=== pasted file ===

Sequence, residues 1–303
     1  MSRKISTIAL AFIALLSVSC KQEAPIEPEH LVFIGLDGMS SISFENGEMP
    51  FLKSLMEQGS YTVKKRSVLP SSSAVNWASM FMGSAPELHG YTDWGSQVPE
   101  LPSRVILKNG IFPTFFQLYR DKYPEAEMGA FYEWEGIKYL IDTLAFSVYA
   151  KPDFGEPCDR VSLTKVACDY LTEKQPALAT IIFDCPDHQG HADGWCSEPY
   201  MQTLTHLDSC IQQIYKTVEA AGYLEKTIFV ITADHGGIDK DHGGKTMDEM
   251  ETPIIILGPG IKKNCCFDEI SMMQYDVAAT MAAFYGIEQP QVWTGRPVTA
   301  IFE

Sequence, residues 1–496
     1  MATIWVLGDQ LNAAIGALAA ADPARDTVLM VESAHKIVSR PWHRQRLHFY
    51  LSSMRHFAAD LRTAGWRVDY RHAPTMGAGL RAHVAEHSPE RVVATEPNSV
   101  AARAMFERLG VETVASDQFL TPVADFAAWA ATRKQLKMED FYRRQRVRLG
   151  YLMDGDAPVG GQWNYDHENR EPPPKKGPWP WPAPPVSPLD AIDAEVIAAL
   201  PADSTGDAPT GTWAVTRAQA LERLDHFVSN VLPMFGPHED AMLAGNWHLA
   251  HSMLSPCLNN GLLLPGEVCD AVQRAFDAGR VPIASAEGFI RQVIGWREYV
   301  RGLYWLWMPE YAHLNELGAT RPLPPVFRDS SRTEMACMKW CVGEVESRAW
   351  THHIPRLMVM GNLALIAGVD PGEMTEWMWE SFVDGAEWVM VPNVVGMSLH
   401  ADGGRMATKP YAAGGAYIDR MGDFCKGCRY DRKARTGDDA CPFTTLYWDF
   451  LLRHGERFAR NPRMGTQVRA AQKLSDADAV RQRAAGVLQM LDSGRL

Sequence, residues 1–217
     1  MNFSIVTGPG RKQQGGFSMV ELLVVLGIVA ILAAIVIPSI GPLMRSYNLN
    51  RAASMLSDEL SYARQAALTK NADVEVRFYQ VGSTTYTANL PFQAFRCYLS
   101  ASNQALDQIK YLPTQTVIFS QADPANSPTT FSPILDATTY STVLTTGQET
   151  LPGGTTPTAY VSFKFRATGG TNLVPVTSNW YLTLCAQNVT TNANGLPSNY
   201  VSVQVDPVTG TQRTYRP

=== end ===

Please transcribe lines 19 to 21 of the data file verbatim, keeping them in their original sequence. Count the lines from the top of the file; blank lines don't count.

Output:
   451  LLRHGERFAR NPRMGTQVRA AQKLSDADAV RQRAAGVLQM LDSGRL

Sequence, residues 1–217
     1  MNFSIVTGPG RKQQGGFSMV ELLVVLGIVA ILAAIVIPSI GPLMRSYNLN